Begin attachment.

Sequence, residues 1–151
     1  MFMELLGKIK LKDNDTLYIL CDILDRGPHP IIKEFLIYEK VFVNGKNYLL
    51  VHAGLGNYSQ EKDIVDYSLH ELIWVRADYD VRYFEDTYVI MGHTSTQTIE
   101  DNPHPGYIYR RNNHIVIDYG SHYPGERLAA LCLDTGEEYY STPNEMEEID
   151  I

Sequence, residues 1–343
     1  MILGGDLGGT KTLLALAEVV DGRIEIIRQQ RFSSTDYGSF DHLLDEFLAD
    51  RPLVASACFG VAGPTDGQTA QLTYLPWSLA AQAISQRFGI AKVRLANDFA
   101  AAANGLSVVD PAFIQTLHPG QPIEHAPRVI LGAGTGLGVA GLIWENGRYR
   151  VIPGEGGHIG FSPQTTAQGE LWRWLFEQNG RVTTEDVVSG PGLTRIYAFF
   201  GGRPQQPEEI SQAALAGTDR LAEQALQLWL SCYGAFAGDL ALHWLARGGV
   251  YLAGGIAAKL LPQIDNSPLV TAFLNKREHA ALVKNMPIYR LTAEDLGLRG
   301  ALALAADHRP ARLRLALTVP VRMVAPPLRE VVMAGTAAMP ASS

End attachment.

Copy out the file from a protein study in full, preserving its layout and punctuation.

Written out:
Sequence, residues 1–151
     1  MFMELLGKIK LKDNDTLYIL CDILDRGPHP IIKEFLIYEK VFVNGKNYLL
    51  VHAGLGNYSQ EKDIVDYSLH ELIWVRADYD VRYFEDTYVI MGHTSTQTIE
   101  DNPHPGYIYR RNNHIVIDYG SHYPGERLAA LCLDTGEEYY STPNEMEEID
   151  I

Sequence, residues 1–343
     1  MILGGDLGGT KTLLALAEVV DGRIEIIRQQ RFSSTDYGSF DHLLDEFLAD
    51  RPLVASACFG VAGPTDGQTA QLTYLPWSLA AQAISQRFGI AKVRLANDFA
   101  AAANGLSVVD PAFIQTLHPG QPIEHAPRVI LGAGTGLGVA GLIWENGRYR
   151  VIPGEGGHIG FSPQTTAQGE LWRWLFEQNG RVTTEDVVSG PGLTRIYAFF
   201  GGRPQQPEEI SQAALAGTDR LAEQALQLWL SCYGAFAGDL ALHWLARGGV
   251  YLAGGIAAKL LPQIDNSPLV TAFLNKREHA ALVKNMPIYR LTAEDLGLRG
   301  ALALAADHRP ARLRLALTVP VRMVAPPLRE VVMAGTAAMP ASS